Irene Valori has expertise in Developmental and Clinical Psychology. She completed her masters’ and doctoral studies at the University of Padova, Italy, delving into perceptual, motor, and cognitive aspects of humans’ interaction with virtual environments. Her previous work focused on the potential of VR to promote child development and support individuals with neurodevelopmental conditions such as Autism and ADHD. She joins the Chair of Acoustic and Haptic Engineering at the Technische Univeristät Dresden, and contributes to CeTI research. Specifically, she investigates the role of affective touch in promoting interpersonal trust in technology-mediated human-to-human exchanges or human-machine interactions. Her research aims to explore individual differences in tactile emotional vocabulary (how do people use and perceive touch that conveys different emotional meanings?), with a focus on differences related to developmental trajectories, culture, and gender.
CeTI rooms you are / will be involved in:
Projects/co-operation within CeTI you are already involved in:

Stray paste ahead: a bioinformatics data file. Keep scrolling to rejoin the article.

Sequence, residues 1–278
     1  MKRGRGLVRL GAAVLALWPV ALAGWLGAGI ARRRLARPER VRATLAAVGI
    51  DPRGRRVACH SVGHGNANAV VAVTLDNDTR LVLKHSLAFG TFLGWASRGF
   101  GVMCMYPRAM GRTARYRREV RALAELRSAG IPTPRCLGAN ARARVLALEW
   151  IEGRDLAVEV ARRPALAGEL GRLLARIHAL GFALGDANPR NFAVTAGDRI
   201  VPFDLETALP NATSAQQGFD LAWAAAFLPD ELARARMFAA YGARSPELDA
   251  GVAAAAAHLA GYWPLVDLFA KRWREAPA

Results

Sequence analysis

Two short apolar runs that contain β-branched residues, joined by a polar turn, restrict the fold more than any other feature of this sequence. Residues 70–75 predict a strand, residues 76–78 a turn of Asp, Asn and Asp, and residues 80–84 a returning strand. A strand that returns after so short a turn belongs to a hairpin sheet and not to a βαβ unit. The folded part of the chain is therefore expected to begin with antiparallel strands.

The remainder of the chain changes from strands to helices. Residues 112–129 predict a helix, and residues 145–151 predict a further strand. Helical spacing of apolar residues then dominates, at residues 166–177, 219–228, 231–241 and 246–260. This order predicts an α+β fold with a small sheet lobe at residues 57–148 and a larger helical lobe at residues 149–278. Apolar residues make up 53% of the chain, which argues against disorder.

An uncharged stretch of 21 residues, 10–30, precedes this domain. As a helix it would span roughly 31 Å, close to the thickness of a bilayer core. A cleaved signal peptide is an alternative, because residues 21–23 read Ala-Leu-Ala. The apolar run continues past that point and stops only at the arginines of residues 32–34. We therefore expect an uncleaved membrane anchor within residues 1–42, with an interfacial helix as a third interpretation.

Touch & Trust
What is your research interest?
Multisensory integration, affective touch, social cognition, child development, VR, robotics
What do you find particularly interesting about CeTI?
The opportunity to be part of a multidisciplinary team that values collaboration and the exchange of ideas, skills, and perspectives. The opportunity to help bring the ‘human in the loop’ and drive technological innovation to meet people’s needs. The chance to do research on affective touch, which is a fundamental component of human social exchanges, and a missing piece in the development of communication technologies.
How do you spend your free time?
Hiking with my fiancé and our dog